I’m sure that you are all wondering, “What does MC Hammer have to do with nightclub security?”
But the words “Don’t Hurt ‘Em” are important and have a lot to do with nightclub security. In the last post, I discussed Use of Force and gave an example of poorly applied Force. Today, I’ll focus on ways that being physical can be avoided, using last post’s video clip as a reference point.
More often than not, one is exposed to verbal abuse and harassment while working in a bar or nightclub. People have a few drinks and get angry, or depressed, or just plain rude. And sometimes that rudeness is direct at you!
First off, you have to realize that it is part of the job, just as much as breaking up fights, picking up glasses, or standing underneath a pounding speaker on a crowded dance floor. You can’t take the verbal abuse personally, NO MATTER WHAT THE PATRON SAYS! Second, remember that while you may be the target of this abuse, it is usually because of something or someone else. Yes, there are occasions when patron anger is directed at you, but regardless of the source of anger, your action and response is what will dictate the direction of the ensuing conversation.
So what to do if you are being harassed? Here are some solutions that will help avoid physical confrontation:
1) Use of Language – Vocal tone and body language can make the difference in any situation. Explain how the patron’s behavior is affecting their safety or the enjoyment of others, and offer a possible solution. Let the patron know what they are doing wrong (“Sir, you are trespassing right now/getting a little too close to me/that language isn’t necessary”), what they can do to remedy their actions (“Can you take a few steps back for me/clear this walkway/keep it down?”) and what will happen if they do not (“We will have to ask you to leave/we are going to be forced to call the police”).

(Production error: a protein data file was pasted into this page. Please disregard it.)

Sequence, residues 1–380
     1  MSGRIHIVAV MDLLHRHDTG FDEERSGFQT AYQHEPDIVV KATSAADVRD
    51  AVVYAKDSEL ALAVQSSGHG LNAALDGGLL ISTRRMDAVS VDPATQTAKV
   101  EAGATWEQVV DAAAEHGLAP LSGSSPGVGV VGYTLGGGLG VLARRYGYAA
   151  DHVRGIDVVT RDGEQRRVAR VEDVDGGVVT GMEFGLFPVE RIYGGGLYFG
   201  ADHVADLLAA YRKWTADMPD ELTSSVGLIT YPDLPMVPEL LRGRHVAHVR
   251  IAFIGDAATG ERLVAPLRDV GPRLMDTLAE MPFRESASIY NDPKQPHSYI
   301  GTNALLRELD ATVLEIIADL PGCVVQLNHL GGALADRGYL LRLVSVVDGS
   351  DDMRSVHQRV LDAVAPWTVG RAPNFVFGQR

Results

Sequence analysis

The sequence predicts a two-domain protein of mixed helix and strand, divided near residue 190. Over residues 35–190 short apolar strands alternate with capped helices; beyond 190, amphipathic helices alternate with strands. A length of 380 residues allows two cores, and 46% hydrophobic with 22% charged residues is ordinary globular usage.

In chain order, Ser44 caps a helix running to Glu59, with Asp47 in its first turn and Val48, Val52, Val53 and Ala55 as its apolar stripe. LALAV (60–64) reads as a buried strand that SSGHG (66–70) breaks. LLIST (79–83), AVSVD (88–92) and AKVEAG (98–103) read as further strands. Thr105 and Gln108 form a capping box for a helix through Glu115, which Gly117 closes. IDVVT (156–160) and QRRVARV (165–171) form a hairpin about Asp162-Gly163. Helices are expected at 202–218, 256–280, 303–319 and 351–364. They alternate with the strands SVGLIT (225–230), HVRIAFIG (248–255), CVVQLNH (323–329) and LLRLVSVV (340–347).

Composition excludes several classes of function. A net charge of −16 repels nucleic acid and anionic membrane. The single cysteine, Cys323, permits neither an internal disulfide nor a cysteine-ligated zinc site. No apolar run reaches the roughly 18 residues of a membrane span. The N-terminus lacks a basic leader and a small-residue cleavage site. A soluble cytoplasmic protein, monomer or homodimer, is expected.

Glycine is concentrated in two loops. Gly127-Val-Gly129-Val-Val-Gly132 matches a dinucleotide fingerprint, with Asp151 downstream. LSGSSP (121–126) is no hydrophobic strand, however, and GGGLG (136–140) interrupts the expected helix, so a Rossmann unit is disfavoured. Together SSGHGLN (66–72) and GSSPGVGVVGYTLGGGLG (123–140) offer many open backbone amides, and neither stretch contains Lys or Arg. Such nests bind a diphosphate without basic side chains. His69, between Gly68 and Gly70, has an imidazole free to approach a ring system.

This use of language not only lays out action and consequence, but also gives you as the bouncer a stronger legal footing should you have to resort to using some sort of physical force. The key to using language is stay calm and collected. Be respectful but FIRM in your statements. Do NOT yell. You are trying to de-escalate, not incite. Patrons must ALWAYS be treated with respect, regardless of how their behavior has been affected by alcohol.
2) Ignore the Intoxicated Patron – In a situation where you are standing with another bouncer or are in an area that gives you freedom of movement (behind a rope/on an open patio), ignoring a drunk patron can work wonders.
In last post’s video clip, the Patron is obviously aiming his anger at Bouncer #1. Bouncer #1’s best move is to ignore him. Detaching yourself from a situation can often resolve the problem immediately. The drunk isn’t getting your attention, so he’ll move on. Does this mean that you stop paying attention to the intoxicated individual? No. It means that you stop giving that individual attention. No eye contact, no verbal contact. Do not engage them. It is easy to ignore someone and keep them within your peripheral vision and scope of awareness. An intoxicated individual has a short attention span and by removing yourself from their scope of attention, you are in essence removing yourself from their brain.
3) The Buddy System – Remember needing a “buddy” during field trips in elementary school? Hopefully, you are working with a team or at least one other individual in your bar or nightclub. And this “buddy” can be indispensable when dealing with a troublemaker.
Let your partner (in the case of the video, Bouncer #2) step in if you are having problems with a patron. Many times, a drunk’s attention is easily disrupted by the appearance of an individual not involved in the initial conversation. Does this mean that Bouncer #2 should get in the patron’s face? No. But he can help to diffuse the situation by acknowledging the troublemaker and deflecting the anger aimed at Bounder #1. This also allows Bouncer #1 to reassess the situation/walk away/get more back up/call Law Enforcement.
Add these tips to your bag of tricks and give them a shot next time you are dealing with an intoxicated patron who is bent on getting your attention.
We’ll talk drunks and distraction next time. But for now…Please Hammer, Don’t Hurt ‘Em!